Any entrepreneur looking to raise capital is well aware that it’s not going to be easy. Successfully convincing an individual or an institution to part with their money in service of your business plan is going to take more than just the plan itself: it will require strategy, finesse, and more than a little bit of luck.
Sadly, bottling luck and giving it to our clients is beyond the scope of our services, but ensuring that they have a strategy in place to raise capital is something we help them with on a daily basis.
At Naseba, we have spent over a decade building and leveraging a network of investor contacts. Our constant interactions with the investors has helped us create a cheat sheet on some of the best practices for capital raising.
Below, we’ve condensed 3 of the most common pieces of advice from investors into a list that we hope any entrepreneur or business case would find useful. The list is based on the research by our investor analysts and on prevailing best practices from around the world.
- Never stop perfecting your pitch.
Do you think you have the perfect pitch? Think again. The moment you stop working on and improving your pitch is the moment that you’ve given up on your business. There will never be a magic set of words that compels investors to hand over their wallets (and we would know – because if they existed, we’d already be giving them to our clients). But that doesn’t mean you shouldn’t constantly be looking for ways to improve not only the words you’re using, but how you deliver them. Practice won’t make perfect, but it can help you make money.
- Find the right advisers.
At every stage of the capital raising process, receiving advice from the right people is absolutely essential. And who are the right people? The ones with experience and connections. You might notice that I didn’t bring up trustworthiness, and that’s because being “trustworthy” is an irrelevant concept here. Your Uber driver might be a trustworthy soul, but he’s not the right person to ask for financial advice.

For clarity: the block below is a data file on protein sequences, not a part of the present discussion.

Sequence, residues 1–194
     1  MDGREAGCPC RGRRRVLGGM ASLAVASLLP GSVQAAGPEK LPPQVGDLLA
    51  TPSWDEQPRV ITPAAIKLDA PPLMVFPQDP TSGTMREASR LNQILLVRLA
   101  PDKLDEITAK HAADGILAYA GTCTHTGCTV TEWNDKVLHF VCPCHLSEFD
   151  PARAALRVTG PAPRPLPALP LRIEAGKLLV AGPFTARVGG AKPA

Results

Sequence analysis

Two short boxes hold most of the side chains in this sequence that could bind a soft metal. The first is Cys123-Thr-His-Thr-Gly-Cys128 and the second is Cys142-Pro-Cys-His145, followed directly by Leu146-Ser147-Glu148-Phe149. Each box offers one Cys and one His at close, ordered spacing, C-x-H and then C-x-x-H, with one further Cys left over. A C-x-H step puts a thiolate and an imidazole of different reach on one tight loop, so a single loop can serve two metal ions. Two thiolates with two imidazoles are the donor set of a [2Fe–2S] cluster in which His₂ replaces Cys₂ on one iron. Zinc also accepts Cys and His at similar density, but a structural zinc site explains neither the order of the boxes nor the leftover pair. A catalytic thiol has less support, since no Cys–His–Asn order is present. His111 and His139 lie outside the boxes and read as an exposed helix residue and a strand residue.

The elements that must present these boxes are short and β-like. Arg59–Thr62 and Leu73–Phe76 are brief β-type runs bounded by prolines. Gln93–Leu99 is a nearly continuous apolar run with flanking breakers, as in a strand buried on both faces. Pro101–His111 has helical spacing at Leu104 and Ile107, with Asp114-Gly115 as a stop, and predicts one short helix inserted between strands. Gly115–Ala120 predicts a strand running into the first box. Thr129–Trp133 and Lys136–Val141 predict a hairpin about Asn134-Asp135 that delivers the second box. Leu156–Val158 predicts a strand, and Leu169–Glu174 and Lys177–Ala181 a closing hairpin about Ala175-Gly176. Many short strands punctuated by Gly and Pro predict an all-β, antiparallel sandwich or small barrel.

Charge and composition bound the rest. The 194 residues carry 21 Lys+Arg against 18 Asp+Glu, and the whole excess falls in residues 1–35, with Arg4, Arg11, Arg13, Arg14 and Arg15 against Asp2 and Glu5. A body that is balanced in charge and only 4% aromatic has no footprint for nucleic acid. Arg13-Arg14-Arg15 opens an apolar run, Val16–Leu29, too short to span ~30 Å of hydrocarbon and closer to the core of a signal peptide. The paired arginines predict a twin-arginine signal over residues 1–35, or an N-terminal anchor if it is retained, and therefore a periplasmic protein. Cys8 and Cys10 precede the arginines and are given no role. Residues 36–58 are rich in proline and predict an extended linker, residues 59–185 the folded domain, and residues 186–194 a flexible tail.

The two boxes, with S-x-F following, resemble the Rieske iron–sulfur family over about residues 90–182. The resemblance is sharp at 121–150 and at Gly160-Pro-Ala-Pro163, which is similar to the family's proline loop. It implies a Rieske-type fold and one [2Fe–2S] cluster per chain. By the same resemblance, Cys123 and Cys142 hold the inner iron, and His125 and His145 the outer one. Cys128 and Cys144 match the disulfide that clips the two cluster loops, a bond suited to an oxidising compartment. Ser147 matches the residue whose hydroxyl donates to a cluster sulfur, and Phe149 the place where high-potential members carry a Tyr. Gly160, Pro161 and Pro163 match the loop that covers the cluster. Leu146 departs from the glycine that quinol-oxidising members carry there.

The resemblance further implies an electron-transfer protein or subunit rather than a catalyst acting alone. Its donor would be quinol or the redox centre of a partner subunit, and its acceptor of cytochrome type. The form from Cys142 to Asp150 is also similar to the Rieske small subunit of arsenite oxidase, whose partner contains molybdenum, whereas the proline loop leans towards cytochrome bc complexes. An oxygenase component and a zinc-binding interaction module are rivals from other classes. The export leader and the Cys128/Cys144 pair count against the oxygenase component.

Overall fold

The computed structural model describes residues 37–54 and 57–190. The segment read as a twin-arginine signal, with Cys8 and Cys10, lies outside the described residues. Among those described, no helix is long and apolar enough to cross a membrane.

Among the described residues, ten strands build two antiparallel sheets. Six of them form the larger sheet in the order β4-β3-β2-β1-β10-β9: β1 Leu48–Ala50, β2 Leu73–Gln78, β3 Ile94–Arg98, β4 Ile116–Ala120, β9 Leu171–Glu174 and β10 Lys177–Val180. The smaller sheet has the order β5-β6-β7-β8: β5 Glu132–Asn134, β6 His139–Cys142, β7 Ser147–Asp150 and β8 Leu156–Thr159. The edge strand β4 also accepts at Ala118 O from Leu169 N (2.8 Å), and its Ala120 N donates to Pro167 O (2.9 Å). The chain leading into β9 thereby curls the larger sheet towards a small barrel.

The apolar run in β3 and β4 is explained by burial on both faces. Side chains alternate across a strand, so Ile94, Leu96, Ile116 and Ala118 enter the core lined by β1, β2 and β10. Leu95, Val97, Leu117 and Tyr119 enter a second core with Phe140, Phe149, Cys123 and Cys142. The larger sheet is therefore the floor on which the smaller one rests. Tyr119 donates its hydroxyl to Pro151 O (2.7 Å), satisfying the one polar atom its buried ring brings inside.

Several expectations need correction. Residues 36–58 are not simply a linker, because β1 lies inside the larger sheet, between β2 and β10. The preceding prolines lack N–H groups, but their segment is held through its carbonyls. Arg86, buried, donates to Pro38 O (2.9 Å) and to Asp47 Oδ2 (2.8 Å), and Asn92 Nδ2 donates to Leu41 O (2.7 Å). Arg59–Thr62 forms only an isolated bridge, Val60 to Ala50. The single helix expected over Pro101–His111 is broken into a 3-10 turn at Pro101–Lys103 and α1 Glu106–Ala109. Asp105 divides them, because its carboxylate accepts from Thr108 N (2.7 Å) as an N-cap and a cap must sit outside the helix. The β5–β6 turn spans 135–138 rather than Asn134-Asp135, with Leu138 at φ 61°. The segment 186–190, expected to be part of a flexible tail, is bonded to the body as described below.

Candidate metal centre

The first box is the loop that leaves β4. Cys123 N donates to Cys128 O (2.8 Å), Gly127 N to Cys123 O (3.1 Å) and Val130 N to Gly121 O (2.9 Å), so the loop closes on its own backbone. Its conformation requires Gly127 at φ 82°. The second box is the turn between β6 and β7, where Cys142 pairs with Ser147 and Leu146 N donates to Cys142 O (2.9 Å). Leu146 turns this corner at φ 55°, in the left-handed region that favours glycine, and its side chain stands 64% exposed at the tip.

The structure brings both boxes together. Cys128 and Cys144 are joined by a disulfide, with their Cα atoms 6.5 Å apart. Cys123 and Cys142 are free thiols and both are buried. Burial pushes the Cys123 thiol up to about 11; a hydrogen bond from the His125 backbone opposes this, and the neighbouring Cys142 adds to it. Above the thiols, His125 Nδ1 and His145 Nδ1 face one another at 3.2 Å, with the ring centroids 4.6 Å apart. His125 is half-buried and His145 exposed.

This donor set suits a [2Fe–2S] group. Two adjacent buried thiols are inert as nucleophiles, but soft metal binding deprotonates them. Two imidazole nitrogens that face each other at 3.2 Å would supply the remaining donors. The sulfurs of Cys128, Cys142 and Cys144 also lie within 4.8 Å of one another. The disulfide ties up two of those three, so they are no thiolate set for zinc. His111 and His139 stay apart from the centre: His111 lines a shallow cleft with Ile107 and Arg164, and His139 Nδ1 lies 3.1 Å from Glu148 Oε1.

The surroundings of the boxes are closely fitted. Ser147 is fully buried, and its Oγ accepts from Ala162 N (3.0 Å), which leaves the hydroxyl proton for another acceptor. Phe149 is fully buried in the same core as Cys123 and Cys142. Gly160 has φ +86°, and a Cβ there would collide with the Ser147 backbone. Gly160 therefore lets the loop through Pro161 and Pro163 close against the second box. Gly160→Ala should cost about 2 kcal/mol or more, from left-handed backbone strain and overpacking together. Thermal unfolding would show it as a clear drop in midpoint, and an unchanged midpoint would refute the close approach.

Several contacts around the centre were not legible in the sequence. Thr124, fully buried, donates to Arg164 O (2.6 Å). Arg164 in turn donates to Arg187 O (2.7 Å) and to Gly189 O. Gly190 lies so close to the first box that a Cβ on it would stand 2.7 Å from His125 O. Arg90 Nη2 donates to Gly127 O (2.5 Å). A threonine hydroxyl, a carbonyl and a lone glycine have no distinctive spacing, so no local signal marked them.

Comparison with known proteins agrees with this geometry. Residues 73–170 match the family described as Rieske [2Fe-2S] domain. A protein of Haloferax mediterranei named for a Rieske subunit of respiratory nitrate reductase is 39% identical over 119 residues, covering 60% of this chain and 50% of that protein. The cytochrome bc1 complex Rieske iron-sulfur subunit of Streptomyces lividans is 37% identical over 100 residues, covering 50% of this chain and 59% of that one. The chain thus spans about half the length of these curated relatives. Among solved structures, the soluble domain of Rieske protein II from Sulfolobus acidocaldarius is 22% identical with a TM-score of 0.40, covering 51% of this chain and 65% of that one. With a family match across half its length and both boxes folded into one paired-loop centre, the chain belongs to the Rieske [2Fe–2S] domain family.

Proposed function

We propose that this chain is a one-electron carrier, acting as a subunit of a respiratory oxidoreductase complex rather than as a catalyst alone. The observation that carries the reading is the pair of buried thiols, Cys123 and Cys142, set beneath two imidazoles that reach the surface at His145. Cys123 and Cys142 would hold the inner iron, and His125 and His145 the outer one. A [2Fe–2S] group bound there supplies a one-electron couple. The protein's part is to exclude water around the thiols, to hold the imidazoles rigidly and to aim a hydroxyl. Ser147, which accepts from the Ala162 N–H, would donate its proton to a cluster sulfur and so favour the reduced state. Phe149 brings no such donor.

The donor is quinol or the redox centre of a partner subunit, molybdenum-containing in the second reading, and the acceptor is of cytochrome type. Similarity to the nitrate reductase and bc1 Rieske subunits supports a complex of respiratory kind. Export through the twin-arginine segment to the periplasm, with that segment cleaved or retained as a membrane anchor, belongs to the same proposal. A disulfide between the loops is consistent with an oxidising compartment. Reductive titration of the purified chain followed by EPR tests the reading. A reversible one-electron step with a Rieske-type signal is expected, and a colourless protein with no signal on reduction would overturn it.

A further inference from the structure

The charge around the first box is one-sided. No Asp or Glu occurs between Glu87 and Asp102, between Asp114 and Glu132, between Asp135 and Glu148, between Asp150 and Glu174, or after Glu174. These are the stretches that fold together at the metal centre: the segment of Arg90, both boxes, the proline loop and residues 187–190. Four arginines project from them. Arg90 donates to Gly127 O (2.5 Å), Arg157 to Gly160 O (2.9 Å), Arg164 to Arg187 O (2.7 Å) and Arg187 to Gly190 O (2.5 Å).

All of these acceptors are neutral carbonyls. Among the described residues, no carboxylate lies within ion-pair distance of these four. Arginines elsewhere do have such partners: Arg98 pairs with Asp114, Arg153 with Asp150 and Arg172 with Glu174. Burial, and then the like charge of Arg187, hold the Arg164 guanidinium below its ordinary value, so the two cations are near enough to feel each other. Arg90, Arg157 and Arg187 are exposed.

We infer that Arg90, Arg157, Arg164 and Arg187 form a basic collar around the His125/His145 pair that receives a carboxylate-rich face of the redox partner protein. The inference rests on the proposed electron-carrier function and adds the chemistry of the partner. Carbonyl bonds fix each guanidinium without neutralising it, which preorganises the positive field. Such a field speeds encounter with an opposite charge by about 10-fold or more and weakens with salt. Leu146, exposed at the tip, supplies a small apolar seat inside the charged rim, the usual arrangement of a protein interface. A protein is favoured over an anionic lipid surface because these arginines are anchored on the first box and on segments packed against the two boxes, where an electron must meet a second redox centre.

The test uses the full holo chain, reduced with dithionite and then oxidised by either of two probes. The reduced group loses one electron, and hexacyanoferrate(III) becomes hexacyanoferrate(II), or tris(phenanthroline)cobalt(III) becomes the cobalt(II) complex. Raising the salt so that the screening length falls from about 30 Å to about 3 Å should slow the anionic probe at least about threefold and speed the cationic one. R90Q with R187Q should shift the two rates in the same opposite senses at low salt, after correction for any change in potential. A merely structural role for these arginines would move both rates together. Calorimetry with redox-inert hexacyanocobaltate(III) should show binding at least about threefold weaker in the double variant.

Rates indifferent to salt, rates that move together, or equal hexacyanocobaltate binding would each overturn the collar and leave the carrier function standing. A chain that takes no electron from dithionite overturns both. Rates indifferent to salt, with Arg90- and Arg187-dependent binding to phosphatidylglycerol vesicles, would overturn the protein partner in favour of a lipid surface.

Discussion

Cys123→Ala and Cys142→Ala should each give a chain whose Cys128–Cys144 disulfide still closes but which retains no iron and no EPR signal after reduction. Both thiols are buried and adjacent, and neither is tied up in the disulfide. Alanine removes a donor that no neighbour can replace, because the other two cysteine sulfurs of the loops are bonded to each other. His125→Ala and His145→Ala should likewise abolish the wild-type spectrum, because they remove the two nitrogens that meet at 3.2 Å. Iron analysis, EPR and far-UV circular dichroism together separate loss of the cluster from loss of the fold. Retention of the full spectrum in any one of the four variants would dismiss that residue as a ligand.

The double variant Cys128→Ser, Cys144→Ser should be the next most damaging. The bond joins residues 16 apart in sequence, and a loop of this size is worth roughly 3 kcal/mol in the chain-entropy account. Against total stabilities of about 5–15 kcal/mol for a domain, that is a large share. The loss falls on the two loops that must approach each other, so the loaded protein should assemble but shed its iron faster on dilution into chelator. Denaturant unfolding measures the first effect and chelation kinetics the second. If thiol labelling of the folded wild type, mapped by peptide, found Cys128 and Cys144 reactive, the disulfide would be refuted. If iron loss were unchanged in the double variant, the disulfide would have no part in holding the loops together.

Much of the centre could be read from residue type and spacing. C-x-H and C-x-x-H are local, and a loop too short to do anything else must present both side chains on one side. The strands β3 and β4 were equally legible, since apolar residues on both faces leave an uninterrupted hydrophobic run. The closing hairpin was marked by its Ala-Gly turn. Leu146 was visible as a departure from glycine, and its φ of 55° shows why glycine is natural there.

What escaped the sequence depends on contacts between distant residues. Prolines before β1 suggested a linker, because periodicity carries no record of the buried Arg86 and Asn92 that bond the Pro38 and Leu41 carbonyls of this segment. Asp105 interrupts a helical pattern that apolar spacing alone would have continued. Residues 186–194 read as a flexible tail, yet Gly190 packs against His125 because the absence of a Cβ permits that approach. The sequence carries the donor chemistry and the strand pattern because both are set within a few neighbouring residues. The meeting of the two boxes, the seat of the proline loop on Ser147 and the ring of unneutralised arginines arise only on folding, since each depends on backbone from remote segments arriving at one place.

The right advisers are experts and professionals who have built an extensive network of connections with investors and have been involved in previous capital raising efforts. These are the people who will be able to give you sound advice based on their years of experience, their in-depth research of investment trends, and the insights they’ve gained from their close relationships with high profile investors.
(Apropos of nothing, I’d like to mention that we here at Naseba have spent 14 years building a network of contacts with liquid investors in growth markets, have successfully organised over 700 business facilitation platforms involving 80,000 executives, and have an entire team of investor analysts who conduct daily research calls with investors.)
- Attend capital events – and make an impression.
By that we don’t mean “make any old impression”. We mean: be prepared, be polished, and be professional. Showing up to a capital event armed only with your pitch and your big idea is a recipe for disaster. Instead, do as much research as you can before the event to identify which attendees are most likely to be interested in your business. Learn as much about those specific attendees as you can. Find out what their investment mandates are, and tailor your presentation to fit those mandates as much as possible.
At the event, ensure that you secure some one-on-one time with your shortlist of chosen investors, so that you can pitch them privately and in person.
Or, alternately, find a company that will do all of the above for you.
The articles linked below describes two such instances where private one to one meetings between investors and companies seeking capital have resulted in successful investment deals.
- Canadian company raises capital from Middle Eastern investors
- Saudi Investors of Riyadh Valley acquired stake in California firm Solexel for $70 million
Based on our success building an efficient cap-intro model through our investor introduction platforms, many investors have asked us to seek business cases that are generating revenue or at least are at the proof-of-concept stage.(View testimonials)
If you are interested in being considered for this platform, submit your business case here.
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